Profiling Study on Internal Mobility Due to Violence in El Salvador

Ministry of Justice and Security Public (MJSP), in coordination with the Secretariat of Governance and Communications (SEGOB)


This study profiles individuals and families internally displaced due to criminal violence in El Salvador. A mixed-methods approach was employed including: a review of secondary information; qualitative mapping (interviews and participatory workshops with key informants in 20 selected municipalities); and enumeration and household surveys (covering 431 families with at least one displaced member, and 254 non-displaced families). Key findings:

  • Internal migration is common in El Salvador. 22 percent of enumerated families had at least one member who changed his or her place of residence within the country during the period 2006-2016.
  • Internal migration in El Salvador is a multi-causal phenomenon. The main causes of internal migration are: economic reasons (57 percent of families); family reasons (40 percent of families); and acts of violence or crimes (5 percent of families).
  • 1 percent of families in El Salvador at end-2016 had at least one member who was displaced between 2006-2016 due to violence.
  • Families forced to flee violence tend to be younger (average age of 30 compared to 33 among non-displaced families) due to higher number of adolescent members (ages 12-17) and young adult members (ages 18-29) associated with the increased risk of violence for teens and young adults. 54 percent of individuals displaced by violence are female (compared to 53 percent of non-displaced). 40 percent of displaced families are headed by women (compared to 42 percent of non-displaced families).
  • Displaced families have a lower dependency ratio (dependent population/working age population) of 45 percent (compared to 57 percent among non-displaced families) due to a larger proportion of working age members and a smaller proportion of elderly members.
  • The displaced population has a lower average educational attainment (31 percent have secondary or higher education, compared to 36 percent among the non-displaced).
  • The vast majority of the displaced population is forced to move because one or more immediate family members are victims. 87 percent of population displaced by violence fled because one or more family members were direct victims of violence. Major causes included: threats, intimidation or coercion (69 percent); extortion (24 percent); violence/insecurity in community of origin (20 percent); homicides (11 percent); and personal injuries (6 percent).
  • The most affected municipalities are capitals of each department, as well as those that register high levels of criminal violence. 42 percent of displacement due to violence occurs within municipalities (allowing the displaced to maintain employment).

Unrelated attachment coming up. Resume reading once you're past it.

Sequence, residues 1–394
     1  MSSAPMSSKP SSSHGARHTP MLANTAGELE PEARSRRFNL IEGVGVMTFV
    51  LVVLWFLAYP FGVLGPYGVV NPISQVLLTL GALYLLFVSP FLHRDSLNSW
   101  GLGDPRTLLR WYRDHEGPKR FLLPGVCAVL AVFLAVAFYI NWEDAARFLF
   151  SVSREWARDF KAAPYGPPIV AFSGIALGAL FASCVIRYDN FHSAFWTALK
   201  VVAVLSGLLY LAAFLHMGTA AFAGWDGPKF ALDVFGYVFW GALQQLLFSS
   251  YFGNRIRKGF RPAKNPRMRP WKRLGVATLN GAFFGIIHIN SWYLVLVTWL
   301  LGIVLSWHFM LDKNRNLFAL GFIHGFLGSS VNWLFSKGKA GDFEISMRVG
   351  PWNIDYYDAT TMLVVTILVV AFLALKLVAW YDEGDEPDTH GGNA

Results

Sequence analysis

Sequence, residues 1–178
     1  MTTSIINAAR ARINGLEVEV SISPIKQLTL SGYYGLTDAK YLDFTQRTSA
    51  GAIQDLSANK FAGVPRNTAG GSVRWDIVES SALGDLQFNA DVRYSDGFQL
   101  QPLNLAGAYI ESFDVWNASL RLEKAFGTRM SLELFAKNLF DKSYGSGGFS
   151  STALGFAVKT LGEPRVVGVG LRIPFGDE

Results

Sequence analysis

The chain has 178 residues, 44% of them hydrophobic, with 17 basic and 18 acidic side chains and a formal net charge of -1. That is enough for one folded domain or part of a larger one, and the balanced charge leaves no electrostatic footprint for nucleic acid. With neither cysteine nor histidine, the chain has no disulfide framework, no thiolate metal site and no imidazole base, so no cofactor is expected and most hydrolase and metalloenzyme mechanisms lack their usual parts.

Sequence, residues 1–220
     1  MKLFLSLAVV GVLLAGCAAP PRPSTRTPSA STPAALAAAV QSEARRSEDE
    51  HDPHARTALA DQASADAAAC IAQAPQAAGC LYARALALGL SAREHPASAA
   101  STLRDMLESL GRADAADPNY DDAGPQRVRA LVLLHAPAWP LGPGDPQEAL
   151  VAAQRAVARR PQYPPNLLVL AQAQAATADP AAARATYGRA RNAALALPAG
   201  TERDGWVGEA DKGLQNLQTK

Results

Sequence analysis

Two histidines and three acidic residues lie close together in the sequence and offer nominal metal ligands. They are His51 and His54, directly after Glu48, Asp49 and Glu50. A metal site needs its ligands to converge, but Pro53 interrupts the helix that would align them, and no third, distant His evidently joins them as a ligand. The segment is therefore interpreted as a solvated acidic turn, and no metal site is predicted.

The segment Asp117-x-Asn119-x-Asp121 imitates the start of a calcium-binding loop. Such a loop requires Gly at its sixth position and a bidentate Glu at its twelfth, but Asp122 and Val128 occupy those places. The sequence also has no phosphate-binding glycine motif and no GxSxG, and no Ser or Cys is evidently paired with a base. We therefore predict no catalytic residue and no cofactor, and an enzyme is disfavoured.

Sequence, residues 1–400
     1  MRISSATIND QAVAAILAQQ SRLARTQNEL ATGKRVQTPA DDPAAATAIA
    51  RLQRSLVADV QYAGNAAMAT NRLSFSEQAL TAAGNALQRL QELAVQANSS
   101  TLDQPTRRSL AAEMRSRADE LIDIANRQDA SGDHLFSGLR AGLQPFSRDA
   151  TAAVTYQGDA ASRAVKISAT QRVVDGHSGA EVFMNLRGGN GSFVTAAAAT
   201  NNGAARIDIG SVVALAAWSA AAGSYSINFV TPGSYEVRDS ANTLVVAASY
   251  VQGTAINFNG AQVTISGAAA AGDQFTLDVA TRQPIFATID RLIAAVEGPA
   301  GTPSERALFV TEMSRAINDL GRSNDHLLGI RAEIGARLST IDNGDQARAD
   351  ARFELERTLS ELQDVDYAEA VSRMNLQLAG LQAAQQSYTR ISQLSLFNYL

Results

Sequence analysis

• Impacts of internal mobility due to violence include: emotional or psychological trauma (affecting 70 percent of the displaced population); and economic impacts due to the abandonment of properties in places of origin (42 percent), the separation of families (29 percent), loss of sources of income (28 percent), and interruption of education of minors (22 percent).
  • Families displaced by violence have specific vulnerabilities: only 33 percent of displaced families own property (compared to 70 percent of non-displaced families); 31 percent of displaced families live in overcrowded dwellings defined as three or more people per bedroom (compared to 20 percent of non-displaced families); and 49 percent of displaced families have no title deeds or written lease agreements (compared to 29 percent of non-displaced families).
  • Although access to education is similar among displaced and non-displaced families, children displaced in the last two years have less access to education compared to children displaced more than five years ago (75 percent versus 84 percent). The impacts of disruptions in education can have significant consequences for the children affected.
  • Participation in the labor force (including people working or looking for work) among displaced families is higher than among non-displaced families (64 percent versus 55 percent), reflecting their more acute economic needs. However, the proportion of those who cannot find employment is also higher (6 percent versus 4 percent).
  • Displaced families prefer to remain “invisible” and generally do not go to state or non-governmental institutions for assistance, fearing retaliation by criminal gangs. 70 percent of victims do not report events forcing them to move; 70 percent do not seek assistance.
  • 84 percent of the displaced population intends to remain in the place where they currently reside, and only 3 percent intend to return.